What is the association between supply chain structure and supply chain transparency?
Focal firms are struggling to increase the transparency of their extended supply chains, in spite of increasing pressure from investors, non-governmental organizations and regulators. Some supply chains seem more conducive of collective outcomes like transparency than others. Is this a valid observation? What supply chain structural characteristics drive transparency? And what strategies can managers pursue to facilitate supply chain transparency?
To shed light on this underexplored empirical phenomenon, Professor Jury Gualandris and team have gathered and analyzed Bloomberg data about 4803 firms and 20,504 contractual ties organized in 187 extended supply chains. Instead of focusing on the transparency of individual buyers or suppliers, their large-scale study empirically examines transparency in the context of collective public disclosure of material environmental, social and governance (ESG) information made by a focal firm’s customers, suppliers and sub-suppliers.
They find robust evidence that supply chain structure in terms of interconnectedness, which refers to the density and clustering of ties connecting a focal firm’s extended supply chain members, and heterogeneity, which refers to the degrees of geographical and industrial differentiation among these members, strongly associate with supply chain transparency.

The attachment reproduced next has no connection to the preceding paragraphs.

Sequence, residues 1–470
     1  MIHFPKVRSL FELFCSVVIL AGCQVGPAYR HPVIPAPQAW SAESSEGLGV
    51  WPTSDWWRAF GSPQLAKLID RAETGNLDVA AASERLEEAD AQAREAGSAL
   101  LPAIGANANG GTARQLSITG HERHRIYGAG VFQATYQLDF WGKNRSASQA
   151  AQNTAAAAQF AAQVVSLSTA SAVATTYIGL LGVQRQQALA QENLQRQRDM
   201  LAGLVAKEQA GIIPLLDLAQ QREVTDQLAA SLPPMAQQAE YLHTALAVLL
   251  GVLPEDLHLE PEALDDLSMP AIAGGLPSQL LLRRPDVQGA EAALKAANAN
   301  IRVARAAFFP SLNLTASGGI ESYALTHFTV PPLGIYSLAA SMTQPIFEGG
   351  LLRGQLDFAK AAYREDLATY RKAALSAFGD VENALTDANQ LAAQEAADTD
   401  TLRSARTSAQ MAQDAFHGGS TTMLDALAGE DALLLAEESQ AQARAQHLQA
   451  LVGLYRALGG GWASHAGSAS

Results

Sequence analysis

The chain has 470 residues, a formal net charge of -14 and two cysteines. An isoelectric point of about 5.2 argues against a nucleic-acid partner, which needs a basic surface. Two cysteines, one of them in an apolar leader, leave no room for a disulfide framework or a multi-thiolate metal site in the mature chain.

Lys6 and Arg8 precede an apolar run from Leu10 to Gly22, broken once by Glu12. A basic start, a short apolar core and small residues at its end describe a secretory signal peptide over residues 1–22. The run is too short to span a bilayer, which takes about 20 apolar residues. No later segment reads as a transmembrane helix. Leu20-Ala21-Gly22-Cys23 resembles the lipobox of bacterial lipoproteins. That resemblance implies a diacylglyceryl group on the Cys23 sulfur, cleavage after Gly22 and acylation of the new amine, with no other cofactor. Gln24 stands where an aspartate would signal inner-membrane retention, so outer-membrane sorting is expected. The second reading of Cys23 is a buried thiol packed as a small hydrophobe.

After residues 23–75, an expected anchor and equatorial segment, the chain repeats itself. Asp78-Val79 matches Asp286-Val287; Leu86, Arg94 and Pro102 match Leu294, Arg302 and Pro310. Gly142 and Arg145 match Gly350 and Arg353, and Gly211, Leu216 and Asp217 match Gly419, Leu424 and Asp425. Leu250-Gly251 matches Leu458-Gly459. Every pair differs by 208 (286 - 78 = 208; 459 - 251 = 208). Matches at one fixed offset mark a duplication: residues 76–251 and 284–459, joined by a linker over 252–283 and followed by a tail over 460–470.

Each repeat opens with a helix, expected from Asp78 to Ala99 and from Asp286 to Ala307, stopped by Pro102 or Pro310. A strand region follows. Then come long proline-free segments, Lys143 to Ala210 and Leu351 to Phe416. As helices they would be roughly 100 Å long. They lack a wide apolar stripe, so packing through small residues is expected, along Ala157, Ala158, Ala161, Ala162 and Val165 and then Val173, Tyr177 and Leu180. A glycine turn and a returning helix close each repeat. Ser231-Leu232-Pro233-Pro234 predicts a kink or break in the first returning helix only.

Their recent article published in the Journal of Operations Management, a premier scientific journal affiliated with the Association of Supply Chain Management, advances three important managerial recommendations:
First, in addition to selecting more transparent supply chain members, supply chain professionals should invest more time and efforts into brokering new supply chain ties. Focal firms should connect supply chain members that do not share ties with the same customers and belong to different manufacturing clusters, to increase supply chain density without exacerbating supply chain clustering. Supplier forums and conferences could offer important opportunities to broker new ties between these supply chain members (Gualandris and Barg, 2020).
Second, when selecting new supply chain members, supply chain professionals should pay more attention to how the addition of these actors could modify the structure of the extended supply chain. The number and nature of ties that new suppliers or customers could potentially develop with existing supply chain members, based on their technical and relational capabilities, should become important criteria for selection.
Third, supply chain professionals should be cognizant of the unintended consequences of localizing their supply chains. Although supply chain geographical homogeneity may generate positive competitive effects in terms of reduced production lead times, lower costs and improved quality, it may also hamper supply chain transparency and the ability of the focal firm to address the ever-growing informational demands of external stakeholders
Gualandris, J., Longoni, A., Luzzini, D., Pagell, M. (2021), “The Association Between Supply Chain Structure and Collective Transparency: A Large-Scale Empirical Study”. Journal of Operations Management, link.
Gualandris, J., & Barg, J. (2020). Huawei: Struggling to develop a more sustainable supply network. Ivey Publishing, Product number: 9B20D001, link.